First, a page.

1950s Men’s Fashion – fashions for men in the 50’s are often thought of in terms of the Fonz and Grease. Well, forget that. The picture below is a far more mainstream view of how men actually dressed. not what you expected, eh?
Men didn’t have many workplace choices for color. Dark blue, dark brown, and charcoal. Even the ties, traditionally men’s flamboyant touch, were uniform and dark. Some time would have to pass before men began to reclaim the sartorial splendor which has been historically theirs.
Blue, grey and brown were the choices.
But yes, there were young men at school who looked just like the Fonz, but not many and they didn’t have motorcycles. And truth be told, most girls wouldn’t have gone out with any of them anyway.
Here you see my kind of guy. A conservative fella. Which was how most guys looked in the Fifties. If you want to know how men dressed, you need to think about Ritchie and Mr. C – not the Fonz.
This 1950s men’s fashion look was often called “Ivy League” or preppy and was definitely the preferred look if your date was meeting your Dad for the first time.
The cardigan sweater seen here was a popular style which was used for the “letter” sweater so cherished among athletes.
Two famous 1950s crooners, Dean Martin and Perry Como.
Another popular style was the military look. Most men in the 50’s had recently been in the military during WWII.
Vest were popular because of their versatility. They were worn under suit or sport coats but could also be worn by themselves for a more casual business look.
The next fashion must for men in the 1950’s was a hat. You were not dressed for work without a hat. They had hat stores, men would own several hats. I remember my Dad had a hat rack in the closet.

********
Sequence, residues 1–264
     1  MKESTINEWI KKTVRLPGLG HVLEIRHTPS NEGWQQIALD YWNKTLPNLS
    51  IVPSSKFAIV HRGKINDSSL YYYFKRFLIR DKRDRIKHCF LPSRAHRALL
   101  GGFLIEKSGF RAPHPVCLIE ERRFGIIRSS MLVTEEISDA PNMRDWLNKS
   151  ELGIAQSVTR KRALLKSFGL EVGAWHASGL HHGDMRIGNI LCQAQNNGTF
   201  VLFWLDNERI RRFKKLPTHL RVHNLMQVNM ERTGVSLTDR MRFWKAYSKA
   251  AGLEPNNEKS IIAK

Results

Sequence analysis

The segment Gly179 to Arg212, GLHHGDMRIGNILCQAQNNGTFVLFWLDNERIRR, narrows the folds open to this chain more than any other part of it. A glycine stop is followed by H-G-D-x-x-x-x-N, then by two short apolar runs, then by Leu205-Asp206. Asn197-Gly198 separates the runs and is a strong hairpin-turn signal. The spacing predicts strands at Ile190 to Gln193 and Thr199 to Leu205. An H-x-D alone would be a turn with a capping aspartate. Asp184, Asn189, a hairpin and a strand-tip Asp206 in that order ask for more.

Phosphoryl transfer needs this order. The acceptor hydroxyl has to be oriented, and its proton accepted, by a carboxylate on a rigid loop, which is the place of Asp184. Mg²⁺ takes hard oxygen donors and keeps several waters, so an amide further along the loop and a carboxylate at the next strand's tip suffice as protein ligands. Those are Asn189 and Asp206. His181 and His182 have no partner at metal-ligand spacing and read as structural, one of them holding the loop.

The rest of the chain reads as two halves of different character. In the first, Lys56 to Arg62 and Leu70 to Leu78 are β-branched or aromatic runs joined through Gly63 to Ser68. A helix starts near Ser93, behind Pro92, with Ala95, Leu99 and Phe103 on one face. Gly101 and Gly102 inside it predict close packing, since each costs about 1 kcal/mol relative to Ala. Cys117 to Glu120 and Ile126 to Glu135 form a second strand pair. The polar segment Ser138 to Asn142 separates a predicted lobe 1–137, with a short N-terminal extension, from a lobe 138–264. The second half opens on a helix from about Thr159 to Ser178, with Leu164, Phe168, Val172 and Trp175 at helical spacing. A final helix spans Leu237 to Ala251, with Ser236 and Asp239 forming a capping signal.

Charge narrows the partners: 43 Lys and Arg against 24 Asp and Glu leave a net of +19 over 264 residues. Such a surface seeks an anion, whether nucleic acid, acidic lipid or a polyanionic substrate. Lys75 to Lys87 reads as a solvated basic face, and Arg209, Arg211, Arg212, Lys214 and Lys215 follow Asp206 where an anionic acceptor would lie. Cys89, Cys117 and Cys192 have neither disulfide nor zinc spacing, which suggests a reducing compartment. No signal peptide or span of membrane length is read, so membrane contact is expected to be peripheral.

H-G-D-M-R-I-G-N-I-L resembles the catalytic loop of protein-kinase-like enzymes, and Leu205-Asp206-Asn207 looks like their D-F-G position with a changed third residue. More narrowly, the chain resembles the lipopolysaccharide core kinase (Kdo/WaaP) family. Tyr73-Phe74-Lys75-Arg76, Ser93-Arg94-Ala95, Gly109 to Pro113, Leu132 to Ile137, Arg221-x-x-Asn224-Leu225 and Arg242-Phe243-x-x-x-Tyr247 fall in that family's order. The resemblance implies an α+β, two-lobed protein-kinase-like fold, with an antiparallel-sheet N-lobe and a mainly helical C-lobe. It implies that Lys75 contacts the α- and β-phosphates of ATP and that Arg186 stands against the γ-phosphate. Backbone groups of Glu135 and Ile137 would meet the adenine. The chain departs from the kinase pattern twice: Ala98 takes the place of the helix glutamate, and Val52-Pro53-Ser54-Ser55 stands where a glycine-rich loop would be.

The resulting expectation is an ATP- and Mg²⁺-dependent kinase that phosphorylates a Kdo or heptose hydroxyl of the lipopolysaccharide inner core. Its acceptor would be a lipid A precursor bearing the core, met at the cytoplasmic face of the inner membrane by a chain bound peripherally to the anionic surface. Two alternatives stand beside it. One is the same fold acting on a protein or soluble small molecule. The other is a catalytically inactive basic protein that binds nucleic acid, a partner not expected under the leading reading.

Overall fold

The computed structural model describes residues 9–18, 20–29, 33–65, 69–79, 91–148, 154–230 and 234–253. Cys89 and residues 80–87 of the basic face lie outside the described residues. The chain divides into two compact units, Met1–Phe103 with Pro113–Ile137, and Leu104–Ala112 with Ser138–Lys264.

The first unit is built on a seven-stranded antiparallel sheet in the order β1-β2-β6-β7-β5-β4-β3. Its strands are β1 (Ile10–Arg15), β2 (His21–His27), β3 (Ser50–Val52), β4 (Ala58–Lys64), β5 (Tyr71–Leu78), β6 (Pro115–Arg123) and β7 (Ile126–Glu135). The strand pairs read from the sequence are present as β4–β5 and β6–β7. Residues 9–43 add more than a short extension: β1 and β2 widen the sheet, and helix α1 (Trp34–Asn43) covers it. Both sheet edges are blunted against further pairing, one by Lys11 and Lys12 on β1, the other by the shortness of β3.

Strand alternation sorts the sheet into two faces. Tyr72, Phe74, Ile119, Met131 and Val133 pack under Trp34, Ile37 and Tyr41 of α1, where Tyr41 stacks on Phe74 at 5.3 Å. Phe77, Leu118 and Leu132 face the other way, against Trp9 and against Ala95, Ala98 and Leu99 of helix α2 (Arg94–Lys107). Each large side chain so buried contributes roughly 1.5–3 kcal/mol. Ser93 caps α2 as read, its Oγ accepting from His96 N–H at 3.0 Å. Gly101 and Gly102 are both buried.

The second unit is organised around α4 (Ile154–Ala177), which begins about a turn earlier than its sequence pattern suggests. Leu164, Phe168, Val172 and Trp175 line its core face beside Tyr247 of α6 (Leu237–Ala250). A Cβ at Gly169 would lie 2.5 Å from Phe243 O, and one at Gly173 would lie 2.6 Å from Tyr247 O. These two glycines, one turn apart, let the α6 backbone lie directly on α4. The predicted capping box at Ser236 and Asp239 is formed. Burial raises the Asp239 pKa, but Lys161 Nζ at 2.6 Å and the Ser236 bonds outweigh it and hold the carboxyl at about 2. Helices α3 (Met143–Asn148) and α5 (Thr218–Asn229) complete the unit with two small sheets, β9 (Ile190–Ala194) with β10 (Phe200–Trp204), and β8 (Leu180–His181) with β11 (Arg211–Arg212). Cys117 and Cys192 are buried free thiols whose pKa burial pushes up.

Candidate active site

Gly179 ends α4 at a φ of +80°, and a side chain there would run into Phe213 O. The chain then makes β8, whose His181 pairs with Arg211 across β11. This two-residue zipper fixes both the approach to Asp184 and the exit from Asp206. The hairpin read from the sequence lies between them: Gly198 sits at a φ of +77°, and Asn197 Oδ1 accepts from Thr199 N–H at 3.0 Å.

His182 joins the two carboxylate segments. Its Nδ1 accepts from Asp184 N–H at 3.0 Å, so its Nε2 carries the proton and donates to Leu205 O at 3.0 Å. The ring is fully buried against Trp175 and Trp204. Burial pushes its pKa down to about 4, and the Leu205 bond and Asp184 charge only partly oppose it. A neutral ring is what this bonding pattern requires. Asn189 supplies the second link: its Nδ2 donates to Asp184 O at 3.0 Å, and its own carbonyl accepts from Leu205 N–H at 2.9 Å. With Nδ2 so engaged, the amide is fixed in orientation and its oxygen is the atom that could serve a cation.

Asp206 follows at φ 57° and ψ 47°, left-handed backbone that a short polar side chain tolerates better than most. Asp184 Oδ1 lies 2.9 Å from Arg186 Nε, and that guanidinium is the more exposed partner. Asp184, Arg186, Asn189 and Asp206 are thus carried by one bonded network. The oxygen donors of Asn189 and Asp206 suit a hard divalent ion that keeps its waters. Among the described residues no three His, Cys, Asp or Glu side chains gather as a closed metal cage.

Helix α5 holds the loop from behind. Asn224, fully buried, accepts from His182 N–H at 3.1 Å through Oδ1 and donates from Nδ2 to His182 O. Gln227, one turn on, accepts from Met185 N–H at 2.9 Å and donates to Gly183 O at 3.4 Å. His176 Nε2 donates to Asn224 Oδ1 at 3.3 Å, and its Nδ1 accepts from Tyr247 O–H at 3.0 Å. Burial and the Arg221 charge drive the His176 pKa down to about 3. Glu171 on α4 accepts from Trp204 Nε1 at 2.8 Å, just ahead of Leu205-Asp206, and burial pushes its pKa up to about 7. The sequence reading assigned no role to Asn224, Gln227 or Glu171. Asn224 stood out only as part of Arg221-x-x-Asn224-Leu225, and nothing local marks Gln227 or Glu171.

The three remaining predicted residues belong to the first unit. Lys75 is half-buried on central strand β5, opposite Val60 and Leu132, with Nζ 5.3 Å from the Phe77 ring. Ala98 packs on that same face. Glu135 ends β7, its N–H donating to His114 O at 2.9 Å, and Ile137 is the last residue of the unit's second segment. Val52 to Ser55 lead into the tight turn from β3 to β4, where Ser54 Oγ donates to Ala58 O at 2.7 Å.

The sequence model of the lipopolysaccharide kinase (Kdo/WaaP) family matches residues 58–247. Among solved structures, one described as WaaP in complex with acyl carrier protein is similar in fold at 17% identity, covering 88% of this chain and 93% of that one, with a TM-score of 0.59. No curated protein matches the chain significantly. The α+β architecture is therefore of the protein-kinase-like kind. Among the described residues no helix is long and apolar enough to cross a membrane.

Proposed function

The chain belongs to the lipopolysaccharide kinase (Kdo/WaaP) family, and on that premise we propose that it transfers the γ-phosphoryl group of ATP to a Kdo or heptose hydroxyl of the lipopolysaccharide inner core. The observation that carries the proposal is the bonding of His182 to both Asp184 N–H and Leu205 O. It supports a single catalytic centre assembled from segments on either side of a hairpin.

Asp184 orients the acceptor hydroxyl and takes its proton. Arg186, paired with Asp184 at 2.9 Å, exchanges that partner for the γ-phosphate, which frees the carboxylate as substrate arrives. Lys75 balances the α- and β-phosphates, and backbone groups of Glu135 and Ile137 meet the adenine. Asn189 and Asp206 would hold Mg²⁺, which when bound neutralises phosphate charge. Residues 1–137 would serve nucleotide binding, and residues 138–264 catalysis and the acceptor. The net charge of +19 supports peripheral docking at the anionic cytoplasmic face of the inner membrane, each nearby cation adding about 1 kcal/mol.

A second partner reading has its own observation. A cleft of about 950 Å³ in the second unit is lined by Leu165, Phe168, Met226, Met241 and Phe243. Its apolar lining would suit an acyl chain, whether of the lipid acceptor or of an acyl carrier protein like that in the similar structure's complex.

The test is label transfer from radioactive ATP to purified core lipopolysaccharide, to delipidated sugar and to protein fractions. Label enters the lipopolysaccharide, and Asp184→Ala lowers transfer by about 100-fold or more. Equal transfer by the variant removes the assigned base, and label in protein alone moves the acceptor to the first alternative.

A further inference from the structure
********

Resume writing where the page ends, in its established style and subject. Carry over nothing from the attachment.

Straw hats were popular for more casual outings but would not be worn to work and not at night.
Some more hat styles.
Men of the 50’s were accessorized from head to toe. A stylish hat, suit, handkerchief, coordinated tie, socks and wingtip shoes.
Now, on to the shoes. No sandals or flip-flops here, men wore real shoes. They were expensive and men took care of them. My Dad had his lined up in the closet with shoe trees in every pair and they were shined. There were shoe shine chairs on every corner downtown, airports, train stations pretty much anywhere you were dressed for business.
You also had a shoe shine kit at home to keep up with those investments.
Men didn’t work all the time. In the summer pool and beach parties parties were common family fun.
If you weren’t swimming you might wear something like this.
One final piece that completed the 1950’s ma’n was a pipe. I certainly wouldn’t suggest it for today but the in the 1950s we didn’t have a clue as to the health risks. That aside smoking a pipe was distinguished. Robert Young on “Father Knows Best” smoked one and how much more ‘Middle-America’ can you get.